By Tom Ekman
(Photos by author unless otherwise credited)
Are there still surfers in 2016 who will actually welcome you to their break? Yes…at least in this beautiful corner of Brazil known as ITACOATIARA (ita-ko-ah-CHARA). Five nations coming together and crushing it in massive, concussive waves?
It felt more like an epic family gathering than a competition. The “Fish Man”, who stars in his own bodysurfing TV series (and is credited with blowing up the sport in Rio) was just one of the crew. Every bodysurfer would come up and say ola!, which meant a black-slap and aloha shake with 80 of your newest buddies. No one’s in this for money, power or chicks. We just love to bodysurf.
There was a running joke about the wave size at the comp. Mark Drewelow from San Diego and I called it 14-foot face on a couple of bomber sets. But to Brazilians, it’s never bigger than 4 feet. On Facebook, I protested “one meter, my ass!!”, and all the Brazilians chimed in with “one small meter”, etc. etc.
Itacoa is hard to compare to any other wave. It’s one-part Dominical, one-part Waimea shorebreak, and one-part Baker Beach. And Itacoa actually gets better with size, because the greater amount of water makes the wave break slightly farther out (emphasis on the word “slightly”, because there is really no outer bar). Smooth granite flanks on both sides drop into the water at about a 30-degree pitch, creating a cove effect that focuses the wave energy. (The sides can also refract backwash at the incoming waves). On top of that, the coast around Rio sees mostly short interval swells from nearby storms, which means virtually no lulls. It’s always stacked, and it’s always unloading.
95% of Itacoa waves are shut-downs. Over a week or so, I only saw a handful of bodysurfers make pull-out barrels. Most waves feature a split-second of trimming, followed by a throaty barrel and Homeric thrashing. (Most guys eschew handplanes because they stall the drop too long…and no one wants to get pitched at Itacoa!). Once in awhile a bodysurfer gets a longer ride, but usually on backed-off, inside stuff. The average ride is 3 seconds: Drop, tuck, and suck. Itacoa is all about one instant of whomping glory, but with a lip as thick as Pipe, that can be the moment of a lifetime.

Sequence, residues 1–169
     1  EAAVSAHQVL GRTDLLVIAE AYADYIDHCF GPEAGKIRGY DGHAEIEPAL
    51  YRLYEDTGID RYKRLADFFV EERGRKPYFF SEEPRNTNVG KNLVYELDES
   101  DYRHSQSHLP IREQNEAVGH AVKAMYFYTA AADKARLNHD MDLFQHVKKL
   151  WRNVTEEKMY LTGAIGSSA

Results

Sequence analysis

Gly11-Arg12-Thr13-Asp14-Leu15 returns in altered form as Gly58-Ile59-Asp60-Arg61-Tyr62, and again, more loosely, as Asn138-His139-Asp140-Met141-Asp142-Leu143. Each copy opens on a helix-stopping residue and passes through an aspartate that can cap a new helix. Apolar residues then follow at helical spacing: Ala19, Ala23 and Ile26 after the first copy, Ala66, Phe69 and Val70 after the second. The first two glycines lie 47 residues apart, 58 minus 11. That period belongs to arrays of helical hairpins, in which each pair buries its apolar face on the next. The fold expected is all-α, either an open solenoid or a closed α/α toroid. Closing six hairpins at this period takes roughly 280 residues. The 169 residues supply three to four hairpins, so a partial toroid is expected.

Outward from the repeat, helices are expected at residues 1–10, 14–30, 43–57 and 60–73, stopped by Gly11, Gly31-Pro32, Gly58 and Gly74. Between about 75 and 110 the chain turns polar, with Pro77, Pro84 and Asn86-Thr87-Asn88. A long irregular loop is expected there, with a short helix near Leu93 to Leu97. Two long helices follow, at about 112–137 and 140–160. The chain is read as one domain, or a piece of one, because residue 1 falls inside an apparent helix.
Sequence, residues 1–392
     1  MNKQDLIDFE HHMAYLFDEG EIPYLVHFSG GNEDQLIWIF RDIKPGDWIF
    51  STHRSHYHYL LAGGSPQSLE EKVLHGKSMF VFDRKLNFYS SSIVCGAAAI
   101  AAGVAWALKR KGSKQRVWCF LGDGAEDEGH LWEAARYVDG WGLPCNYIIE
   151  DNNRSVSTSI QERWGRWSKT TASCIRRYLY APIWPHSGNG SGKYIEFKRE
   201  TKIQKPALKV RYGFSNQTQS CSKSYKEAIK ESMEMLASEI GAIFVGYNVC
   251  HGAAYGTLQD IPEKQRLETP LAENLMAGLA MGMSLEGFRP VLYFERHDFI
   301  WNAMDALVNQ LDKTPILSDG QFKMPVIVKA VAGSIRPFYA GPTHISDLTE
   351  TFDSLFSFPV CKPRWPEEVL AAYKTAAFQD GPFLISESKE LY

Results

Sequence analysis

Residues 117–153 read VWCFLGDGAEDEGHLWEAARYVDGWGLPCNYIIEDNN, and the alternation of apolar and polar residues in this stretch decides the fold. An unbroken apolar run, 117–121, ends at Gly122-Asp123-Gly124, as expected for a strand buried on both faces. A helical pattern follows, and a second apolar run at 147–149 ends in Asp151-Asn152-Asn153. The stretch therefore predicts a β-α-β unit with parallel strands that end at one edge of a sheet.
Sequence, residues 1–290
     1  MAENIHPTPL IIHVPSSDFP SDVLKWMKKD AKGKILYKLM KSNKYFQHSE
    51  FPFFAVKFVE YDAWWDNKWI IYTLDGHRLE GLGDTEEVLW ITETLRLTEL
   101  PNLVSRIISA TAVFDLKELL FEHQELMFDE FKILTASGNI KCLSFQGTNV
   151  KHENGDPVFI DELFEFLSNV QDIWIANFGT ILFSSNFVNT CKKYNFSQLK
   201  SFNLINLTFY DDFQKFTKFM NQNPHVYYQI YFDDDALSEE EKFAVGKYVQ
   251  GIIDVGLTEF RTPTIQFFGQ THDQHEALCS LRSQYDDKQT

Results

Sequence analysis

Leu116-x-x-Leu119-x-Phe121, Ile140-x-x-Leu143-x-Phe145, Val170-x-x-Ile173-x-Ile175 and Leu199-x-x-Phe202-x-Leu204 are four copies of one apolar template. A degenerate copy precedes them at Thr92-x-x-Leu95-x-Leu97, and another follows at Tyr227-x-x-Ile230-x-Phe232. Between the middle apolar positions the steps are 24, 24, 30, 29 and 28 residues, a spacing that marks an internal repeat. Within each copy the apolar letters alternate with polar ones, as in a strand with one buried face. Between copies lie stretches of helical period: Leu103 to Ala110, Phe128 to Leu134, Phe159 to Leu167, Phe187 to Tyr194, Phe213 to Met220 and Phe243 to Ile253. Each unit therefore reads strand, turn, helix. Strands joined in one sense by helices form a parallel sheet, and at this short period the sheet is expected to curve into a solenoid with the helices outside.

The California Coup
Mark Drewelow, a 53-year-old from San Diego, impressed every one when he showed up sight-unseen at Itacoa the day before the comp (he was out at first light in near-storm conditions), and then placed an impressive 4th in the event. Judge Vinicius Dobis attributed Mark’s success to experience, good wave choice, and overall endurance. Mark started surfing SoCal spots like the Wedge in the ‘70s. Before his heat, we watched as a dog jumped into the edge of the water and was instantly carried sideshore by a river of water moving at a fast jog. “Look at how that water is moving,” Mark commented. “I’ve never seen water move like that.”
Thiago Maciel is one of the de facto ambassadors of Itacoa/Rio bodysurfing. Thiago’s always joking around with the crew, and always knows exactly what’s going on at any given moment – where it’s breaking, and who’s on it. A serious biologist and a stand-out bodysurfer, Thiago is The Man.
The competition was based on the ASP rating system, which scores competitors based on their two best waves. Marcelo Zampieri scored a perfect 10 in the first round with a clean, deep barrel. Kalani Lattanzi and Yuri both pulled high-scoring 360s in their heats. Kalani made an attempt to replicate Kane Tsunameh’s (O`ahu) impressive front flip, but didn’t pull the trick. In the end it was Yuri Martins who took down the top spot despite the serious competition.
Hats off to Lucas Castro from Whooze for putting together such a bang-up event. Lucas totally killed it! Big ups to the Rio scene O.G.’s: Paulo Pereira, JC Rodrigues and Vinicius Dobis. And a heartfelt muito obrigado to all of the Surfe de Peito crew for all of the good times in and out of the water!
If you go to Rio, please consider bringing some fins for the local guys. Because of import tariffs, a pair of fins can cost $150 in Brazil. (Trust me: they will really appreciate it. Note the stitched-together fins below.)
Check out more videos from Pervaleo HERE
Go to the Whooze website for more information on past and future events.